So as soon as I saw it I just smiled. Here’s the original beauty spot.



We were nowhere near Wales. That photo was taken by a ride leader from CTC Coventry and Warwickshire somewhere south of Warwick. 80 miles from the nearest bit of Wales at my guess.

How has it come to be associated with Mid Wales? I don’t know. It wasn’t as far as I know a commercial shot so maybe that ride leader had given it to a friend in Wales, or even moved there himself. Maybe old fashioned mixed labelling. I expect I’ll find out soon.

But if a great memory can help promote a wonderful place to ride then I don’t mind. So I won’t tell if you don’t. Ok?

Things can only get better – I will not despair, I will ride my bike on Sunday

Sunday was almost “one of those days”.

I promised myself 2-3 hours road bike cycle touring ride, not too heavy on the legs and taking advantage of a reasonable forecast.

First look out of the window took care of that – no way an I risking the icy minor roads round here on 25mm of rubber. So mountain bike it is.

Lasne Matin Hiver

Some fettling needed because of the hammering the bikes took over Christmas in the mud. Another 30 minutes lost.

Thorn in bicycle tyre

And then that most infuriating of seconds. I look down at the wheel, and I flick at a piece of debris. Which resists for a second and then hisses at me vigorously – a horrible thorn. Good news it didn’t happen ten minutes into the ride, bad news I am loosing the will to ride fast.

But then I am restored. Unwilling as I am to exert any mental energy into the process I let the local route network take over and guide me round one of the many routes in the area. It is so nice to feel welcomed and valued.

It took me over to Ohain, which is one of the five settlements that make up our commune (municipality) but not one I have particularly featured in the blog as I tend to go in other directions. But it is one of the few villages in Belgium to have retained its traditional village tree lined green and this one is especially nice because it slopes down a hillside.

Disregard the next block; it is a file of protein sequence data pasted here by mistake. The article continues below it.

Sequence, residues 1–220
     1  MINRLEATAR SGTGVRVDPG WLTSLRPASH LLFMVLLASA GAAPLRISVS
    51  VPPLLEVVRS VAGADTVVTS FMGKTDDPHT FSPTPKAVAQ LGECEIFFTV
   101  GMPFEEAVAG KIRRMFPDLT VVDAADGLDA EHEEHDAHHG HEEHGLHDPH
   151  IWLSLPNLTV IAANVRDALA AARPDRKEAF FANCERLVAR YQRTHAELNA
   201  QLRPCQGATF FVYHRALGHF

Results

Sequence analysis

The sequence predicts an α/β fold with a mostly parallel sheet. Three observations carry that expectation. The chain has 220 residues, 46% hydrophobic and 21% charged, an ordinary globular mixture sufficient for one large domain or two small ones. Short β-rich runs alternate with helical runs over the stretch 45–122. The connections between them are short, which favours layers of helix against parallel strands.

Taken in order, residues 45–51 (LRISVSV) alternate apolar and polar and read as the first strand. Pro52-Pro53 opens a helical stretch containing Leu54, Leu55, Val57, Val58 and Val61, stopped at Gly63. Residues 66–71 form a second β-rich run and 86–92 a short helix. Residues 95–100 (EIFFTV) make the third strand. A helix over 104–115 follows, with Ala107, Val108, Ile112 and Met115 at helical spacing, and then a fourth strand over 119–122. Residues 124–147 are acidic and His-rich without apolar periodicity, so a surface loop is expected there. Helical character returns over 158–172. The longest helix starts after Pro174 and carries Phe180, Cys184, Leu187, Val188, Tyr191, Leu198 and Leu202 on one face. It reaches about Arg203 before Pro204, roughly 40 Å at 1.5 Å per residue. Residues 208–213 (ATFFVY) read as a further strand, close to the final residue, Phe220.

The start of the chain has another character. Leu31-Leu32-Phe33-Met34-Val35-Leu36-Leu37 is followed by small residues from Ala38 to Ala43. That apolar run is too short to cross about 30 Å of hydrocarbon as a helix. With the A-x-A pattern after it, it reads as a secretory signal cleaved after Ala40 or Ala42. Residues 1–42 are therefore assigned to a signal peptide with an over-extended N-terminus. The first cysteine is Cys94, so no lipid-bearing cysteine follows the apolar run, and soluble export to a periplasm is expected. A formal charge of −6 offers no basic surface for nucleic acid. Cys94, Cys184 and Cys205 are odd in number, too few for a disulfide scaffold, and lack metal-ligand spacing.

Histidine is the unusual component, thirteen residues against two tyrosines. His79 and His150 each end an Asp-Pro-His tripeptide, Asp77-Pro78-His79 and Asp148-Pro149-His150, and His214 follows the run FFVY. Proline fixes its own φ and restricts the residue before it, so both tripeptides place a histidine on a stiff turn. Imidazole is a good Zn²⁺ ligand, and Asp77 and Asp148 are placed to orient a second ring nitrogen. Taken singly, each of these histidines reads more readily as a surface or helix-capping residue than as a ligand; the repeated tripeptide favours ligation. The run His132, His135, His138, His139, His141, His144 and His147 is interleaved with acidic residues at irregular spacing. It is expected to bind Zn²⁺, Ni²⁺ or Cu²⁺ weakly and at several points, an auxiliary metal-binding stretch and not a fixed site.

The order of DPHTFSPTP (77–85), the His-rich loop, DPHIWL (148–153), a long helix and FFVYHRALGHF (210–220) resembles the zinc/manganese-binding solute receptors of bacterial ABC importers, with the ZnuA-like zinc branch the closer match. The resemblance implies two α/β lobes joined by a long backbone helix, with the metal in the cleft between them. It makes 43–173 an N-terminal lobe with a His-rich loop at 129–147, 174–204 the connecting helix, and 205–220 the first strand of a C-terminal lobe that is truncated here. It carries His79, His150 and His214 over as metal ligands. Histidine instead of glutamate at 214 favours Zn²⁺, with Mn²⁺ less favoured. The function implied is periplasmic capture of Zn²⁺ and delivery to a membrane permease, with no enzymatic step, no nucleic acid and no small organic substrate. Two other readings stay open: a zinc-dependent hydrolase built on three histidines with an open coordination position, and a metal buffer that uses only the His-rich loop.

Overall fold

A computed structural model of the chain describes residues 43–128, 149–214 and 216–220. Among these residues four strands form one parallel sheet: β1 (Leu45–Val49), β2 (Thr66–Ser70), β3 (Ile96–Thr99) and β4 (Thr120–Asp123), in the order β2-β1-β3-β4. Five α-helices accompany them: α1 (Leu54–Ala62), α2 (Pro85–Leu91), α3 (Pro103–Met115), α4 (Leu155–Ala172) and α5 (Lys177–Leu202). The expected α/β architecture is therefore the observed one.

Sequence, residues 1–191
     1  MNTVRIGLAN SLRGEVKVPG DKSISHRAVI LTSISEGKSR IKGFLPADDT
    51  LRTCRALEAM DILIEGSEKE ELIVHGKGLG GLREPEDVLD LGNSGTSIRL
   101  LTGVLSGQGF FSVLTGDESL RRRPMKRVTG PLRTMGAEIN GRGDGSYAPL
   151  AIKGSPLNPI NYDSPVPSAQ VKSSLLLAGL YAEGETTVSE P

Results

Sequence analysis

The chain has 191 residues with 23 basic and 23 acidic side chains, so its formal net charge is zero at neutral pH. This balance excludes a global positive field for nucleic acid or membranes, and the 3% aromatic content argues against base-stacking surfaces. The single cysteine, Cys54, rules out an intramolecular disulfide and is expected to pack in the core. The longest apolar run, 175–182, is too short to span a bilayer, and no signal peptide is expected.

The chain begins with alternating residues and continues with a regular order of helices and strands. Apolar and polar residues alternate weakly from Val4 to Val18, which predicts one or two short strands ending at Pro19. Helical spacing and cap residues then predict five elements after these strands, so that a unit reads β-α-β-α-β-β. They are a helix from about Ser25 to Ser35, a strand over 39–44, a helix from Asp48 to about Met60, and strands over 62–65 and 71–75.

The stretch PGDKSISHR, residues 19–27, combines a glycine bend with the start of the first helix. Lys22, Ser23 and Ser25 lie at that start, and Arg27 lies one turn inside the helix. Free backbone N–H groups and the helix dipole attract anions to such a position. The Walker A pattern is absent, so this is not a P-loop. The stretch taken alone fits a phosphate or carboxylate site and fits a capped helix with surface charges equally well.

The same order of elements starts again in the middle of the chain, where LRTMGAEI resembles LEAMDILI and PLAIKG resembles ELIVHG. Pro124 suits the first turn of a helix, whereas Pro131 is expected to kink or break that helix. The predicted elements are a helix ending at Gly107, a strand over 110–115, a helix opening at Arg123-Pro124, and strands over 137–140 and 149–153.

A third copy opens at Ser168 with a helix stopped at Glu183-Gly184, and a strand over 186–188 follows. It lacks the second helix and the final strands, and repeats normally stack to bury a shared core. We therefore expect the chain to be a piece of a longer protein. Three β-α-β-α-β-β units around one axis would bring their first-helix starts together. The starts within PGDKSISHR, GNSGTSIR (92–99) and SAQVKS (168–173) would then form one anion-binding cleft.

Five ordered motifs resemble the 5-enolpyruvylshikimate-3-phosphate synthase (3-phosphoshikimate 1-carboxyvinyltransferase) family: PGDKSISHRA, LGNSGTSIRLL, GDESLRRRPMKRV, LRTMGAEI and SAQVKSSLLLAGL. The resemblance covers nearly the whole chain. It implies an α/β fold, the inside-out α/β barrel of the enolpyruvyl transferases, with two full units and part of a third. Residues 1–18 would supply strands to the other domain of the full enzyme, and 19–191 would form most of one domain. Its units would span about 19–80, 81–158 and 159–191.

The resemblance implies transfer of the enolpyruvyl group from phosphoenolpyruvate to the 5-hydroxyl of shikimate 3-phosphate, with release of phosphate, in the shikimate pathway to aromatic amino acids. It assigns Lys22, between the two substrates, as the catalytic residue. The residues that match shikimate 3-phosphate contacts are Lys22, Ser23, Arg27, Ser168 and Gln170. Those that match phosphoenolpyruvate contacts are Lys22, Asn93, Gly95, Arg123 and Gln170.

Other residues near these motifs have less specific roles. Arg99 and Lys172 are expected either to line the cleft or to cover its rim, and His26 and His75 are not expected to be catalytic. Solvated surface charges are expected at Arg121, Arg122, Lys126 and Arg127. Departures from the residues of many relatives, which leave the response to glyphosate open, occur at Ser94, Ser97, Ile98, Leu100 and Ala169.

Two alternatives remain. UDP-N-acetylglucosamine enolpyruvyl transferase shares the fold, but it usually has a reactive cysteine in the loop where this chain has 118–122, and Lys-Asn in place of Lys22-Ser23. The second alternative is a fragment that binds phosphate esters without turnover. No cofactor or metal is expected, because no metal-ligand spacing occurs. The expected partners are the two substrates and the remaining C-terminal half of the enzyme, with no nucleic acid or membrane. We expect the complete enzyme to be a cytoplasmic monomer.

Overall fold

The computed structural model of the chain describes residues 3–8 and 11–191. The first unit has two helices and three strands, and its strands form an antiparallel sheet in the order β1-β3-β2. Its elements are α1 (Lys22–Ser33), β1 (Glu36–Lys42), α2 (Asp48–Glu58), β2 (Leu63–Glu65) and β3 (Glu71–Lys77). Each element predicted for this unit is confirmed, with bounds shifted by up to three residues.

Ohain Belgium

The white-washed cottages were almost painful to the eyes as the sun began to glare and the church sits attractively in a network of cobbled streets which livened me up and sent me happily away on the farm tracks and lanes that made up my route for the day.

Ohain Lasne Belgium Ohain Eglise Belgique

Two hours later I am a much better human being. Ahhhh.

Ten best things about being a cyclist in Belgium

Watchng the Fleche 2

A year ago we moved to Belgium. 

By way of an anniversary post and a thank you to my new country here are my musings about the best things about cycling here so far.  

Next week I might throw in a few pet hates, although the scales are overwhelmingly positive for the first year in this great cycling nation.

In no particular order this British cyclist’s “Ten best of cycling in Belgium” are

  • Belgian National DaySocial cycling
  • The Classics
  • Tracks and trails of Wallonia
  • Long summer evenings
  • Being strange
  • The ever changing Belgian countryside
  • Belgians like a lie in
  • Bike fans
  • Somewhere near to everywhere
  • My bike shed

1. Social cycling – you are not alone.

Recreational and sports cycling in Belgium is overwhelmingly a collective activity. At the weekend you can hear the groups of cyclists passing our house not by the tyre swoosh but by sounds of talking and laughing. I have commented that I love the sense of community in the small towns and villages of Belgium that carries over into the cycling, everywhere I go I see people riding together.

It’s not just the big pelotons of club cyclists in the touring and racing clubs.


It’s the scouts.

Belgian scout ride

It’s the youth clubs.

Chateau Solvay La Hulpe cyclisme

It’s the senior citizens on a Friday night near Ghent.

Friday night in Flanders

It’s just a couple of friends riding their mountain bikes.

Solvay park VTT

It’s the randonnée à vélo for families that every village and town puts on for its jour de fete.

Child cycling Solvay Park La Hulpe

2. The Classics

fans 5

The chance to experience the Tour of Flanders (Ronde van Vlaanderen), Fleche Wallonne and Liege-Bastogne-Liege are just fantastic days out for a bike fan.

All the legends – beer and frites, fan clubs, cobblestones and star riders come together in an atmosphere I have never experienced before after a lifetime of going to bike races.

Liege Bastogne Liege Sprimont 5

minor places Fleche Wallonne

And by pure chance this year I took the best cycle racing photo I will ever take on the Patterberg – Spartacus (Fabian Cancellara) making the winning move against Peter Sagan.Ronde Van Vlaanderen Paterberg

Hard to repeat that, but I’ll be back again this year for my next fix.

3. Tracks and trails of Wallonia

Brabant Wallon

For the mountain bikers this time. Every commune in our area has hundreds of kilometres of farm tracks, forest trails and cobbled roads that together make an amazing network of rides for mountain bikers. Where I live in Lasne the brilliant folks at Lasne Nature have signposted 250 kilometres of the trails into circular routes from 5-15km in length, all of which can be joined together to give great rides.

Beaumont Lasne

Belgium, Brabant Wallon

And this continues for village after village.

It isn’t rugged and mountainous, it isn’t the flowing singletrack of a purpose built trail centre but it is an endless source of riding. Add an unexpected and freak layer of snow for four months last year and it was plenty tough enough for hard riding too.